What is a certificate limit
Most 18xx games have a certificate limit.
For the uninitiated, a “certificate” in an 18xx game is a share in a public or privately held company. Whether it’s the director’s share that represents 20% of a public company, a normal share that represents 10% of a public company, or a deed representing 100% ownership of a private company, each count as one certificate as each is just one “piece of paper”.
A “certificate limit” means you cannot hold more than N pieces of paper that represent shares of public or private companies.
Why does a certificate limit exist
I think Tom Lehman puts it pretty well here.
The certificate limit is an artificial limit to compensate for the artificial investment situation of 18xx games, where there is no opportunity to make alternative investments outside of RRs.
I think this is a great answer in the context of 1846, however I prefer describing it this way in the context of all 18xx games:
A certificate limit becomes necessary when the collective capital of players exceeds investment opportunities available -- be they railroad companies or not.
To explain this a bit, let’s look at the earlier stock rounds of an 18xx game. Players attempt to find the best value shares and put themselves in position to acquire them. At this point in the game, does a certificate limit matter? Well… not really. There are ample places to invest and hard decisions to be had about where a player’s money should go. The limiting factor is not the number of investment opportunities available, but a player’s capital to invest into those shares.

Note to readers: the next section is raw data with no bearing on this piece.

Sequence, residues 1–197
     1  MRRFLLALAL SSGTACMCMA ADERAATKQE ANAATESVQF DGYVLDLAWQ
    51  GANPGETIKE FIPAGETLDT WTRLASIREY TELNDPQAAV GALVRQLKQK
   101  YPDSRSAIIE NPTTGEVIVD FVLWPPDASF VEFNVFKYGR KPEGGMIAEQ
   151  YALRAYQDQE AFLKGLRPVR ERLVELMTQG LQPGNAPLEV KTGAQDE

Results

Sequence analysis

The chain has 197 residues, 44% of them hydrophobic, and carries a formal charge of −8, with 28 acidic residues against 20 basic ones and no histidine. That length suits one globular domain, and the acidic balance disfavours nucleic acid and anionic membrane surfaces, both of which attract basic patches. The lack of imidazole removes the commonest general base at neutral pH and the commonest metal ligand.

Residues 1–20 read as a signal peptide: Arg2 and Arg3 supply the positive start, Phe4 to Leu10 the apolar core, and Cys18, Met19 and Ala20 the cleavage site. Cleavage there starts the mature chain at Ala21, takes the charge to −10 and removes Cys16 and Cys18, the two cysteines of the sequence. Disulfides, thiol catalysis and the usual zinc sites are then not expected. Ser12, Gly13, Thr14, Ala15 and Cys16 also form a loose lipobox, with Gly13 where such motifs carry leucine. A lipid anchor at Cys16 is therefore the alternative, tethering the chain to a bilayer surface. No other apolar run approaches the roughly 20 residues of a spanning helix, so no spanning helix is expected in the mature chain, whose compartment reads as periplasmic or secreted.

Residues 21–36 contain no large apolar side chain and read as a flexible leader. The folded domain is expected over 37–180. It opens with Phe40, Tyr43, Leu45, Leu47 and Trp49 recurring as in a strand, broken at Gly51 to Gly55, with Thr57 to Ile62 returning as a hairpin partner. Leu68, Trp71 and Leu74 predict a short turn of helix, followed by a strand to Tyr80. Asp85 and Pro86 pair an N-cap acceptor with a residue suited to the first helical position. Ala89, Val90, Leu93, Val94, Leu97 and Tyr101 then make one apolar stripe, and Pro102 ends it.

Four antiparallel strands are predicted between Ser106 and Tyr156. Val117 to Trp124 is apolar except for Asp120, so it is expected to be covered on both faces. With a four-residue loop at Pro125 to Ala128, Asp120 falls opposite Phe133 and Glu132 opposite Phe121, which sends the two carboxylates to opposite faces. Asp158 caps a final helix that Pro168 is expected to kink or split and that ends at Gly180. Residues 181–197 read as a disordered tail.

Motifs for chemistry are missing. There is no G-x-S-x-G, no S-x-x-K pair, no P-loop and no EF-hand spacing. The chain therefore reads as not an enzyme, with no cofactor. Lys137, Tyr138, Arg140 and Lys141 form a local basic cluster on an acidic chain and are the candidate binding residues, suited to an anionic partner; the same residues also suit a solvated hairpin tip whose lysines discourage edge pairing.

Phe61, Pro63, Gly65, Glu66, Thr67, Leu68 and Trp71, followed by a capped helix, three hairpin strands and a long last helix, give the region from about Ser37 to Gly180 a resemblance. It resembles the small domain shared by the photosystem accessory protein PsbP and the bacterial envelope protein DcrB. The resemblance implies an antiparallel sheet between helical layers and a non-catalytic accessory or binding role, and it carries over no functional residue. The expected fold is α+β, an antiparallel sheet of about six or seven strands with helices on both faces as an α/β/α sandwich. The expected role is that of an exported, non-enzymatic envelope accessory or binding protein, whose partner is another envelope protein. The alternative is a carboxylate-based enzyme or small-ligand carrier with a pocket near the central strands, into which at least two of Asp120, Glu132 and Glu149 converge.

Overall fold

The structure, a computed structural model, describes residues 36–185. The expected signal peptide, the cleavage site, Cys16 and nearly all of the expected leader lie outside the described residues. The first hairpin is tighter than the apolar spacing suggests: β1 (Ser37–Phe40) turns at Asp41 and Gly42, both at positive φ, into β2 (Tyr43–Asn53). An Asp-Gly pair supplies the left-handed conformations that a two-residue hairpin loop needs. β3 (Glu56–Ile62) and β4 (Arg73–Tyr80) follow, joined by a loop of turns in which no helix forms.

However, for most 18xx titles, there is an inflection point in the game where that limiting factor changes. As more companies get floated, get set up with routes, and start buying permanent trains, players start to have more money than shares that are available for purchase. At this point, players have the capital to sell out every company. The certificate limit reintroduces a different limiting factor, not of capital but of quantity. The limit ensures there is still a decision space to prioritize good shares over bad ones because if at the end of the game, a player could buy every share available, shares are purchased not because they are good but because they exist -- which ultimately contributes to runaway leaders and boring stock rounds.
A certificate limit keeps the latter stock rounds interesting and early leaders from running away with the game.
Though I will say the strategies to get around cert limit are (personally) one of the most fun aspects of 18xx.